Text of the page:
As Hypex and Purifi get copied/cloned/ripped off, and as they feel pressure from the cheaper chip-amps that are improving rapidly, prices will drop like a rock. Sure, the HiFi fetishists will still be able to spend bigly on fancy and heavy case work, but modules-in-box are the future and will be commodified soon enough. The average buyer will be able to buy more great-sounding power than they could ever want for a couple hundred dollars or less. If that module fails five years from now, unscrew it and replace it for not-so-much money, OR throw it away like that toaster and get a new one, this time for an amount you don't really need to even think about.

40+ pounds? Hundreds or thousands of dollars? The need for 'technicians' for repair? Worrying about whether the thing will last until it becomes a burden for my kid to inherit? Thinking about these things misses the entire paradigm shift in amplification.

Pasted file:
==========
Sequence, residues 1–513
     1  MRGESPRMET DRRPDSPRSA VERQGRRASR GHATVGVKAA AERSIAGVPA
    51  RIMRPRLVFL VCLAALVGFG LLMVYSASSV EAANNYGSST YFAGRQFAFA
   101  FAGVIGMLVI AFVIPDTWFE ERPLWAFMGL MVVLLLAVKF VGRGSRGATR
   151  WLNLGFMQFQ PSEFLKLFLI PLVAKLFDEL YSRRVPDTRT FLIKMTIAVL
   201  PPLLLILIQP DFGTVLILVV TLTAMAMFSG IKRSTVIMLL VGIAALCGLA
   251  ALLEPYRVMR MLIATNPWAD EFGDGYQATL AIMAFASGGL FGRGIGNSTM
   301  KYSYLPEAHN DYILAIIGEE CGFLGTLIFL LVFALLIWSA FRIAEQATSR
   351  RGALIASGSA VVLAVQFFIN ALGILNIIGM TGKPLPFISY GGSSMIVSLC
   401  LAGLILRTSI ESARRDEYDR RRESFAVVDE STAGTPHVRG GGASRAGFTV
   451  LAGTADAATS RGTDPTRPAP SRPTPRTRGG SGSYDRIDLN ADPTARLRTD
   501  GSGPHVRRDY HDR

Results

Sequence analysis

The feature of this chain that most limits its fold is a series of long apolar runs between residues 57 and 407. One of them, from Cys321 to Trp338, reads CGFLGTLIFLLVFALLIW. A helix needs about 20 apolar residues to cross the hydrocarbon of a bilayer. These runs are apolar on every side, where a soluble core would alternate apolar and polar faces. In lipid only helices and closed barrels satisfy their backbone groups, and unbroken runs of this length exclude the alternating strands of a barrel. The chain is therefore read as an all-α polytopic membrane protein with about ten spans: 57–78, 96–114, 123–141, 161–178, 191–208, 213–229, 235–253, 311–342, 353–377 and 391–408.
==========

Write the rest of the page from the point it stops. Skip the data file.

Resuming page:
I'm currently listening to a $100 Fosi V3 and it has greatly impressed me. If I decide to sell it for a few bucks it'll be cheap to ship. If it breaks in three years I won't give it another thought. When I want to try something different, this thing fits in my hand and can be tucked away anywhere. The mere thought of dealing with some repair guy, or to ship a 40+ pound box, or whether it might outlast my wanting something different anyway, these concepts are outdated.

Oh, BTW, any posters convinced their kids are going to be excited to inherit your old, heavy HiFi gear that you worked so hard to keep tip top, you're kidding yourselves. Most of that gear will join the land fill (or be sold off cheap at a tag sale) two weeks after you're gone.